At about the same time, Saudi authorities pulled on Abdullah's instructions the plug on the daily radio program of Sheikh Abdel Mohsen Obeikan, a cleric and royal court adviser who earlier this year earned notoriety by decreeing that women could give men breast milk to avoid illicit gender mixing. "The man should take the milk, but not directly from the breast of the woman," Obeikan was quoted. "He should drink it and then becomes a relative of the family, a fact that allows him to come in contact with the women without breaking Islam's rules about mixing." Islamic tradition stipulates that breastfeeding establishes a degree of maternal bond, even if a woman breast feeds a child who is not her own.
In a separate incident, the kingdom's most senior religious scholar, Grand Mufti Sheikh Abdul Aziz Al-Asheik, ordered a preacher to shut up after he issued a fatwa calling for a boycott of the Panda supermarket chain because it employs women as cashiers. The fatwa forced the chain to reassign 11 of its 16 female cashiers who were part of a pilot project to employ females in a country where women are prevented from working in gender mixed environments, according to Panda spokesman Tarik Ismail.
The preacher, Sheikh Yousuf Ahmad, known for his strident opposition to gender mixing, had earlier suggested that only Muslim maids could work in Saudi homes. He also called for the Grand Mosque in Mecca, Islam's holiest site and the world's largest mosque, to be demolished and rebuilt to ensure segregation between the sexes in the shrine.
The Islamic Affairs Ministry, in a further curtailing of clerical power, ordered clerics to keep their Friday sermons short and smart. Azam Shewair, a ministry official, warned clerics they would face punishment if they didn't trim their speeches, including forced training or having their paychecks docked. Shewair said clergymen needed to keep in mind that elderly or sick worshipers may not be able to sit and listen to hour-long speeches filled with their words of wisdom.
New sources of legitimacy
A debate on the ministerial edict in the Saudi Gazette suggests a generational divide among Saudi religious scholars with older clerics displaying contempt for their younger colleagues whom they dismiss as a bunch of uneducated rabble who need to be cut down to size. "The impact of the sermon is not measured by its length but by the eloquent, concise and precise wording," said Saleh Humaid, a ranking cleric. "Imams should refrain from flowery and bombastic language and delve directly into the core of their sermon."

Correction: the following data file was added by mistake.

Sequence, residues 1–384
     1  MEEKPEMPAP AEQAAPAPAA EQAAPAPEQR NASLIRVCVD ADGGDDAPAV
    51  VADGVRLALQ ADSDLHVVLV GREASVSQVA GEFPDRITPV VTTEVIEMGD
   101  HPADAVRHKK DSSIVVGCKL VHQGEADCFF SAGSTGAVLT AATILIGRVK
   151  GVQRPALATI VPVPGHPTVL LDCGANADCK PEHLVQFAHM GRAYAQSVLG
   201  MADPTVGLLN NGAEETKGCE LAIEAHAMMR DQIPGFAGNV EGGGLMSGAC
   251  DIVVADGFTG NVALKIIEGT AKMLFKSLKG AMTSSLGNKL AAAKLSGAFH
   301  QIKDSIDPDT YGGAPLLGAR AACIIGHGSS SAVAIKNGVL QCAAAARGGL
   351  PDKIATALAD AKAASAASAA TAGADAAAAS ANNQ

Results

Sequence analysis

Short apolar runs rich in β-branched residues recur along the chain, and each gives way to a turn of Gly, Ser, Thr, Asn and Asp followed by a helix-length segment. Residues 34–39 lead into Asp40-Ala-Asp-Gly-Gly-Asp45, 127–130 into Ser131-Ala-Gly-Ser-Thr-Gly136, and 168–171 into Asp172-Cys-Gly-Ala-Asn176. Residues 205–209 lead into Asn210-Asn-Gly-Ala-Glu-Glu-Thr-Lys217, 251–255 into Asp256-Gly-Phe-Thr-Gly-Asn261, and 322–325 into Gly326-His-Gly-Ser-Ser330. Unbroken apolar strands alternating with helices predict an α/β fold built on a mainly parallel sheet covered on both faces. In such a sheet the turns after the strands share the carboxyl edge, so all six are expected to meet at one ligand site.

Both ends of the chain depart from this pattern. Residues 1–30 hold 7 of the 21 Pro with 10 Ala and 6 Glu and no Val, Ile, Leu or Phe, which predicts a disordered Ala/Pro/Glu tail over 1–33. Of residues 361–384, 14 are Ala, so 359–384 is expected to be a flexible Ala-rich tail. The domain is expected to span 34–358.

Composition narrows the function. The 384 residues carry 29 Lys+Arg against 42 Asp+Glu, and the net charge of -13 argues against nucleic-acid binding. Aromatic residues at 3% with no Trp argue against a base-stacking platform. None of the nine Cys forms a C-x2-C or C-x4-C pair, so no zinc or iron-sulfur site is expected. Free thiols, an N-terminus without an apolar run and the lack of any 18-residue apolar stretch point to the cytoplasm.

Another scholar accused some clergy of copying and pasting Friday sermons from books or the Internet and reading them out loud without even understanding what they're saying. Yet others suggested that clerics needed to improve their writing skills. "Some of them elaborate on the topic by repeating themselves and going around in circles," Ahmad Mawrai, a Saudi professor, told the Gazette. "In many cases they jump from one topic to another. This is why their sermons are tedious and boring."
The debate over the rules that govern the issuing of fatwas reflects King Abdullah's recognition and a growing body of public opinion that Wahhabisim, the kingdom's puritan version of Islam, hinders the development of a modern state capable of competing in the 21st century and catering to people's needs. Five years ago, bizarre and obscure fatwas would have been seriously debated rather than ridiculed and condemned.
Many Saudi clergymen have yet to recognize that Abdullah's legal reform offers them an opportunity to consolidate their influence. Yet, they seem more intent on scoring own goals that undermine their public credibility and ultimately could signal the decline of clerical power in Saudi Arabia. In doing so, the clergy could be opening the door for the House of Saud to identify new sources of legitimacy that go beyond their historical reliance on Wahhabism